Friday, 16 October 2020

Gohana village is a water scarce one and is dependent on a single main source of water- a well that is situated at one end of the village. The water is used for cooking and drinking. The closest source of water is a tube well with a TDS of 4000 ppm which is totally unpalatable – women take this water for all washing. The numerous hand pumps in the village goes dry in summer, the water is discolored and sometimes foul smelling – can never depend on them. Their journey to the well is through the main road from the approach of the village, this takes you through the fields dotted with peacocks, many a chowpal where men socialize, one or two verandas where elderly women are seen engrossed in their conversation, the small hill with the temple at the top, goats and buffaloes returning home, women milking their buffaloes–the walk is a pleasant one for all that it is worth. For all of us who have the luxury of drinking water coming home through a pipe or from a bubble top, the warm breeze on a summer evening still is a new experience. The slope coming down to the well makes it a rather joyous walk.  An easy, one to two kilometer distance is what a woman needs to cover depending on where her house is located. As the sun begins to retire for the day, women of all ages are seen walking down the path to the well carrying their empty pots and ropes. They go in groups as it is also their time to share their own stories – of children, in-laws, friends and husbands.

Take a peep into that large well, and the head swoons and a tingle in your feet warns you of the depth. But for the women in Gohana that well is the center of their life. Women and girls spend time, take turns to draw water using pulleys and ropes. Their able children help them in pulling up the filled buckets of water. They use a cloth to sieve the water to avoid any floating matter. The walk back home with the two to three pots of water on the head is a long and arduous one. The slope of the road now being upward, the warmth generated with each  stride is enhanced by the warmth of the breeze, the sweat breaking out at the temples and nape,  the distance somehow begins to feel longer – home seems farther than it is.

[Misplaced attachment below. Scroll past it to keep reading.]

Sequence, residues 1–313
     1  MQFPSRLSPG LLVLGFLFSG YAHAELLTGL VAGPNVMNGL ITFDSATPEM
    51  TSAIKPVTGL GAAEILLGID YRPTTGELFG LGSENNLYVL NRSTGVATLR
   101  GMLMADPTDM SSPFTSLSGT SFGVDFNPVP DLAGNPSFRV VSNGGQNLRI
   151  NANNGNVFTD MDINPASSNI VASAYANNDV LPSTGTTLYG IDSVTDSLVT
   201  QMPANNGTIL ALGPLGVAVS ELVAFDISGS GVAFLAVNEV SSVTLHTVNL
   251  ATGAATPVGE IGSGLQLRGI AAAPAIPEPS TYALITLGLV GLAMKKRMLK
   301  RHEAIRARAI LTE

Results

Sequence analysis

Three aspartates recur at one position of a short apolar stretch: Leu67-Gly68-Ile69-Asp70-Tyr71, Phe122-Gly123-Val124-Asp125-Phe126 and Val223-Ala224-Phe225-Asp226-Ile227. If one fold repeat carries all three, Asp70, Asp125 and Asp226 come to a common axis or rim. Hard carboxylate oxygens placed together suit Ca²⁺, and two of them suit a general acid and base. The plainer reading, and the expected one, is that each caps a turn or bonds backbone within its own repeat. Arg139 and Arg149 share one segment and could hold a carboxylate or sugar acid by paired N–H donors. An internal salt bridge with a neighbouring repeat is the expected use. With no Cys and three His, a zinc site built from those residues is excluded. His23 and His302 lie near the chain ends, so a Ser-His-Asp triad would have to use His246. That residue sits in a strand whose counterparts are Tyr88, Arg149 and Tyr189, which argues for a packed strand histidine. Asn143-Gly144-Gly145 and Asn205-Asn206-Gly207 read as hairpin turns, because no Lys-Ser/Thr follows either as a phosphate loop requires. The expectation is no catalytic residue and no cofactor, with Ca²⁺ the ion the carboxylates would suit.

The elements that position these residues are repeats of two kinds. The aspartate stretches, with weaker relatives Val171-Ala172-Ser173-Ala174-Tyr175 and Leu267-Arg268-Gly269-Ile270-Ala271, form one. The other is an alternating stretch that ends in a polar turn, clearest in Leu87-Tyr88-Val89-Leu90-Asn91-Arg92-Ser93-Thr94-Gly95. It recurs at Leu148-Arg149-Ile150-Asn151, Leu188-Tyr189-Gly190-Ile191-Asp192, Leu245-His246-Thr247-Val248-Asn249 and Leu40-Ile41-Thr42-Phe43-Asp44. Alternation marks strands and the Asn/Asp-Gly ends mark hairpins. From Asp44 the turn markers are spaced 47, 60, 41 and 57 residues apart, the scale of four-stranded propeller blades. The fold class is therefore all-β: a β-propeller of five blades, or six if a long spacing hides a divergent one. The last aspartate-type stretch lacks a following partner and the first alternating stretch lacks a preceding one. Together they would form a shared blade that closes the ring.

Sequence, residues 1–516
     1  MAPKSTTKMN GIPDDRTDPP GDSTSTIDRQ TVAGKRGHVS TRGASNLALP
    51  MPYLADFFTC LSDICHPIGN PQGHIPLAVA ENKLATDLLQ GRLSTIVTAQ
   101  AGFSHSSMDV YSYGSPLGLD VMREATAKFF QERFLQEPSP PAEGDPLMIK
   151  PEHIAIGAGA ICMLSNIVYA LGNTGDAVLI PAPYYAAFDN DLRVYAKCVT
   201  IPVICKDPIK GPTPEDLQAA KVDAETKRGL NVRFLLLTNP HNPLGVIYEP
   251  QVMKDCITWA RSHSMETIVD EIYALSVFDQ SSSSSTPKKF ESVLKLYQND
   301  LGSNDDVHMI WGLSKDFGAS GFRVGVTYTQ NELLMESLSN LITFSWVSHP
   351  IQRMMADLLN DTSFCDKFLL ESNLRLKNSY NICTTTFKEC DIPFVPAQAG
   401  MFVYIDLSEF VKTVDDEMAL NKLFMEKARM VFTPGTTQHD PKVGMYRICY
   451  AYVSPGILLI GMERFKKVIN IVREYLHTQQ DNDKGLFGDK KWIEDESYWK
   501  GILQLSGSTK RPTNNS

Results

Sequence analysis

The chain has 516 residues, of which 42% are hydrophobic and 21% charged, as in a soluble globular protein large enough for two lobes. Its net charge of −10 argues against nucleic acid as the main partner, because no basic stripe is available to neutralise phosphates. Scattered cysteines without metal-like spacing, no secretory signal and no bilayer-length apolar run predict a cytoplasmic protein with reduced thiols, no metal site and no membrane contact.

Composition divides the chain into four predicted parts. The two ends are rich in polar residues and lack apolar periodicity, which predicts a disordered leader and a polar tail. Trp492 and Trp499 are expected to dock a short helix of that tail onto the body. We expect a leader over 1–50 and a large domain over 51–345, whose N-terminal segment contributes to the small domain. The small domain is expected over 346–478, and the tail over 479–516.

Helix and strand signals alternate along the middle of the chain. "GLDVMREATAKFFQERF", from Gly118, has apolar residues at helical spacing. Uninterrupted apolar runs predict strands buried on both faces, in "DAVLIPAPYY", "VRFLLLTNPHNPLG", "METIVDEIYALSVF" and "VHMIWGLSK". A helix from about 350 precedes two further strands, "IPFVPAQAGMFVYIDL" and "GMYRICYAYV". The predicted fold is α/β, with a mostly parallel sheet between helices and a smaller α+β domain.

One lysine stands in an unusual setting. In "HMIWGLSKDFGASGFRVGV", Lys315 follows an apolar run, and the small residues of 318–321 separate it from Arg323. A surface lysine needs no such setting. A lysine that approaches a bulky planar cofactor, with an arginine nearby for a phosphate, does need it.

The women in Rajasthan wear their goongats, the veil, in respect to the elders and most often their entire face is fully covered and their colourful attire makes them stand out in the otherwise stark landscape—their walk with well-balanced pots on their heads has become a part of the landscape. These water carriers make nice wall paintings both outside their houses and in the temples, an iconic statement of good omen, carved into the social fabric, none of them really talk about the pain in the neck and shoulders that women may experience. Or do they even complain of it – for every homemaker, bringing water home is a given thing, not a choice. Starting at tender years this role of the water carrier —an unpaid and unrecognized job, is a lifetime position.  This effort is a daily experience for women in many parts of rural India, the distance covered in their steady stride back and forth a couple of kilometers from home each time, spending a minimum of an hour on this work each day. If women were to walk this distance everyday say for 50 years of their life, they would have covered a distance that can go around the earth at least one time in their life by foot –All for water.